Study suggests CFCs, cosmic rays (not CO2) are major culprits for global warming

sun-earth-180GCS Editor: We’re not entirely convinced of the CFC angle – it’s never been proven that the ozone hole (which we now know comes and goes) was affected by CFCs, but the cosmic ray theory makes sense.

By John Morris, Waterloo University

Cosmic rays and chlorofluorocarbons (CFCs), both already implicated in depleting the Earth’s ozone layer, are also responsible for changes in the global climate, a University of Waterloo scientist reports in a new peer-reviewed paper.

In his paper, Qing-Bin Lu, a professor of physics and astronomy, shows how CFCs – compounds once widely used as refrigerants – and cosmic rays – energy particles originating in outer space – are mostly to blame for climate change, rather than carbon dioxide (CO2) emissions. His paper, derived from observations of satellite, ground-based and balloon measurements as well as an innovative use of an established mechanism, was published online in the prestigious journal Physics Reports.

“My findings do not agree with the climate models that conventionally thought that greenhouse gases, mainly CO2, are the major culprits for the global warming seen in the late 20th century,” Lu said. “Instead, the observed data show that CFCs conspiring with cosmic rays most likely caused both the Antarctic ozone hole and global warming. These findings are totally unexpected and striking, as I was focused on studying the mechanism for the formation of the ozone hole, rather than global warming.”

His conclusions are based on observations that from 1950 up to now, the climate in the Arctic and Antarctic atmospheres has been completely controlled by CFCs and cosmic rays, with no CO2 impact.

“Most remarkably, the total amount of CFCs, ozone-depleting molecules that are well-known greenhouse gases, has decreased around 2000,” Lu said. “Correspondingly, the global surface temperature has also dropped. In striking contrast, the CO2 level has kept rising since 1850 and now is at its largest growth rate.”

In his research, Lu discovers that while there was global warming from 1950 to 2000, there has been global cooling since 2002. The cooling trend will continue for the next 50 years, according to his new research observations.

As well, there is no solid evidence that the global warming from 1950 to 2000 was due to CO2.

Read the rest of this article at Insciences.

Read the peer reviewed scientific paper at Physics Reports.

5 Responses to Study suggests CFCs, cosmic rays (not CO2) are major culprits for global warming

  1. Paul Wenum December 29, 2009 at 8:23 pm #

    Why doesn’t the media report findings such as this as well as the previous post? The Media must get excellent revenue from pro-climate scam “experts.” Never changes does it.

  2. Rob N. Hood December 30, 2009 at 12:44 pm #

    This is interesting. But the article also states that “CFC’s conspiring with cosmic rays most likely caused the Antarctic ozone hole and global warming.” And it adds that this is was “unexpected.” First of all, the ozone problem was/is well known, and has been for many years. We were even able to do something about it, almost if not globally (reduce and eliminate CFC’s). It is interesting that we haven’theard much about the ozone hole/s other than they were getting smaller gradually, but that the CFC’s were still present in the atmosphere and causing the same problem, but by reducing the production of them on earth the problem is controlled…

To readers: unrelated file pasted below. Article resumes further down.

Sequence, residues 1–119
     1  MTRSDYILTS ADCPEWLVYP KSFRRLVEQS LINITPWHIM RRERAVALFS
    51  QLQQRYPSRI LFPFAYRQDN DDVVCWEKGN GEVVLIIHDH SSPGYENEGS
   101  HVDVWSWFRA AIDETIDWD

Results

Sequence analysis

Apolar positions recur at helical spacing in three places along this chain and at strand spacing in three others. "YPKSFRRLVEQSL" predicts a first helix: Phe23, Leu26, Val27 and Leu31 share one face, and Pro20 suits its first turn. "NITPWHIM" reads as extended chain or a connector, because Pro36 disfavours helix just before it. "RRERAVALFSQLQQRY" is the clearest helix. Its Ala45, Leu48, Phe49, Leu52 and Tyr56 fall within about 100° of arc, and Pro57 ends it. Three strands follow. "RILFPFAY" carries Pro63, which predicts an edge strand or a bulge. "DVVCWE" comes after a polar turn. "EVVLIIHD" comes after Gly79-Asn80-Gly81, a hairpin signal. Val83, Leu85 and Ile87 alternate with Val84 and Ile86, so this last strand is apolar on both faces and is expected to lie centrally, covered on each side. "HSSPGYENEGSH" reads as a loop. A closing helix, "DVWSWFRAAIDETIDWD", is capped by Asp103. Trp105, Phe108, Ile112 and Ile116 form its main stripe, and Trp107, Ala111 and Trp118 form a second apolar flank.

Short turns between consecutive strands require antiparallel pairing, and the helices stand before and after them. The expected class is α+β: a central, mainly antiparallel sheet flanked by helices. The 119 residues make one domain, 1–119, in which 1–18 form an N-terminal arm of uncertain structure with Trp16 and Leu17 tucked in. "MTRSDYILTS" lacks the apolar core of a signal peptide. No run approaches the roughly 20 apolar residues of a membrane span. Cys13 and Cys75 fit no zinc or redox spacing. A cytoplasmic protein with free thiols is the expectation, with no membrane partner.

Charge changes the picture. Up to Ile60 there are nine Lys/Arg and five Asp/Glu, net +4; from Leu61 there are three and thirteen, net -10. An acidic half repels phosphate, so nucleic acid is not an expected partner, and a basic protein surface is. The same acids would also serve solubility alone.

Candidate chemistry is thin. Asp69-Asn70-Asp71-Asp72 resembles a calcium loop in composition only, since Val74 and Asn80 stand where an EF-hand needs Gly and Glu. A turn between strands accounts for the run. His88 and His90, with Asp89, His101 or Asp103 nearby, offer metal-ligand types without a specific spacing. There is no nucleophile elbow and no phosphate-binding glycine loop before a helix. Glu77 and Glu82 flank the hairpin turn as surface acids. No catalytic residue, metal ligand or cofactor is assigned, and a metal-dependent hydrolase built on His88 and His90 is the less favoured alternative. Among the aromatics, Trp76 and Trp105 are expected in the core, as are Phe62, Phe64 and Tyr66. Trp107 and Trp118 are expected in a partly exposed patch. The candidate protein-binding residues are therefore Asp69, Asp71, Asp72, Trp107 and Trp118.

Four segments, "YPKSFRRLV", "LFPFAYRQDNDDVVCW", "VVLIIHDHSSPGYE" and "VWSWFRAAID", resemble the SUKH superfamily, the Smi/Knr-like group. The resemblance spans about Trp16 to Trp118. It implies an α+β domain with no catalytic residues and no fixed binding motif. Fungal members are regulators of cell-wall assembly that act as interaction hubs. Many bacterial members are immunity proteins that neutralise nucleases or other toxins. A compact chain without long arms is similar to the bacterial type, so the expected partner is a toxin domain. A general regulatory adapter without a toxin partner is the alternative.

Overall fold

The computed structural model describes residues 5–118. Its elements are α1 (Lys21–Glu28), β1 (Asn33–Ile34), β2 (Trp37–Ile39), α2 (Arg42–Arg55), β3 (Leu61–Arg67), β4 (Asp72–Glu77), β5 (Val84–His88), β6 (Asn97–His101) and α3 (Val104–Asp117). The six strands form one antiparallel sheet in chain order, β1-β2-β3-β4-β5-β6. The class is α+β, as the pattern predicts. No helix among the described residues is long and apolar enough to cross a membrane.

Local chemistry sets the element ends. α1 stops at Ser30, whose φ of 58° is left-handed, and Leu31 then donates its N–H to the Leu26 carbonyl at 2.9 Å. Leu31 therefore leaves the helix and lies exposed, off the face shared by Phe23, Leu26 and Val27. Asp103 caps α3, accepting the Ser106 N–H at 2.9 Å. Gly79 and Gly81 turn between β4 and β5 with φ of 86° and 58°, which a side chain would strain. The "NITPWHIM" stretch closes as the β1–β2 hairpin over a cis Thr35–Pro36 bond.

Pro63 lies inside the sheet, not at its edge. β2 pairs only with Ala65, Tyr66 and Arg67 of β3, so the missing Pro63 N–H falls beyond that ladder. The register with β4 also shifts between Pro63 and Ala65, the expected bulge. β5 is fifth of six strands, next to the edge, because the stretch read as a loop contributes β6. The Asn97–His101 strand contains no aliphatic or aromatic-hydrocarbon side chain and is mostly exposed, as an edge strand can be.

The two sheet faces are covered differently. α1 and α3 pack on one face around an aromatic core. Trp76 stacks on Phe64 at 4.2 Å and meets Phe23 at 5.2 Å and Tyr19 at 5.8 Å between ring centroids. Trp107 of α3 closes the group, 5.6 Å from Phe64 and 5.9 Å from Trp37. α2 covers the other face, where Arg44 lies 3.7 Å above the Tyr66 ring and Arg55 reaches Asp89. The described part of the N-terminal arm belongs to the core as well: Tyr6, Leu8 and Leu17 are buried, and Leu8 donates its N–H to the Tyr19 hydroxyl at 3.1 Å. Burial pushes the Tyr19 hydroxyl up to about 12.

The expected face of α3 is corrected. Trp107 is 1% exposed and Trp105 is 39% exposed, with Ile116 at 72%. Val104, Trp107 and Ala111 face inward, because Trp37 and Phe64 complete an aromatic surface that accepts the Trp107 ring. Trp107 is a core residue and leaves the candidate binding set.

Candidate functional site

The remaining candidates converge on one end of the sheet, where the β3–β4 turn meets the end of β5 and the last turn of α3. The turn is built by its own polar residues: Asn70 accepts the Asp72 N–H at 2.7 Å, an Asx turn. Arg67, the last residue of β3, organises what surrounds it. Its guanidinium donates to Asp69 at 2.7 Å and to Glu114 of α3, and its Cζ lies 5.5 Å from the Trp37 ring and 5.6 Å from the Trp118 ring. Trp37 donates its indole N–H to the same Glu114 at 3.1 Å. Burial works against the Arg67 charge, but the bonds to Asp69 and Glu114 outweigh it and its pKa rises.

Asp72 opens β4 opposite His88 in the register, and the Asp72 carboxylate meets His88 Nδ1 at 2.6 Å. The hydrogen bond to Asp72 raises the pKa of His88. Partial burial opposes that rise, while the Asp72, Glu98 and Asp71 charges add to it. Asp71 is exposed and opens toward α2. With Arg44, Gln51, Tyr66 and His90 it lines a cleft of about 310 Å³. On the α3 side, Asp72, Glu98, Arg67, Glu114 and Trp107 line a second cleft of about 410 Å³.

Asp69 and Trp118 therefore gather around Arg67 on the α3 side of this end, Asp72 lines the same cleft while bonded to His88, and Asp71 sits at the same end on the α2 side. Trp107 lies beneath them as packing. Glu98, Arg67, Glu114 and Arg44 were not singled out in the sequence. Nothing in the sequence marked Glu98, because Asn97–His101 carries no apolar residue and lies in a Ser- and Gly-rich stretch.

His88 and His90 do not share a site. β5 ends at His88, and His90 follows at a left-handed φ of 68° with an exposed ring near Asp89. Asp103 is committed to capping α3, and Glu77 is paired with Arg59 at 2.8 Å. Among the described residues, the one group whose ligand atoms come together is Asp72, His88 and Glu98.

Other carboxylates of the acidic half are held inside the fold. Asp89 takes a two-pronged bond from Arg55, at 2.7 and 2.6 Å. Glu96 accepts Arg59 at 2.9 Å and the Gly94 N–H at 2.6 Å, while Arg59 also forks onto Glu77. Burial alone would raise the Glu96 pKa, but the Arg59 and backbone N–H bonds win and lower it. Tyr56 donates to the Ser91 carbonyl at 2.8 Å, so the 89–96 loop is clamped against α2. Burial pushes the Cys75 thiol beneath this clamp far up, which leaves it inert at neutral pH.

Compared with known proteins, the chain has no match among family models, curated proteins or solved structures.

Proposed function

This does illustrate that serious problems can be handled globally. And if this article is true then there is much reason for optimism. It also has an element of logic that makes it seem potentially accurate to a laymen such as I. However, an issue such as global warming/cooling is a very complex one.

  3. Dan December 30, 2009 at 1:21 pm #

    Whether CFCs had anything to do with changes in the Ozone layer is and was disputed science. It’s known that radiation from the sun interacting with the Earth’s atmosphere creates Ozone. We now know that the ozone “hole” comes and goes. It’s also located above the poles where the sun’s influence on the atmosphere is weak because of the angle, which is also why it’s cold there.

  4. Rob N. Hood January 2, 2010 at 8:32 pm #

    I have to say I believe that issue (Ozone holes over the poles) is basically agreed upon universally, and the reduction of Areosol use has made a difference. Now- with that in mind, IF there were another big change in the “holes” that would be studied and the particular agreement re: areosols would then be re-evaluated obviously. There are different types of ozone and I think you are referring to something different. To so cavalierly dismiss science, as you tend to do, is disingenuous and even dishonest.

  5. Rob N. Hood January 5, 2010 at 7:57 am #

    I forgot to add the Freeon (spelling?) issue. Some people got real angry about having to pay more for the stuff in their air conditioners. But it was necessary to reduce the ozone holes too. And if you don’t recall, that particular ozone layer is Crucial to all life on this planet and that is why the change (relatively easy overall) was made without much arguing and debating, unlike the current issue has been. Many on the Right tried to make hay out of it as usual, but due to the dire nature of the problem and the relatively easy remedy, the political machinations of the Right didn’t have much effect, except for the extreme Right as usual.

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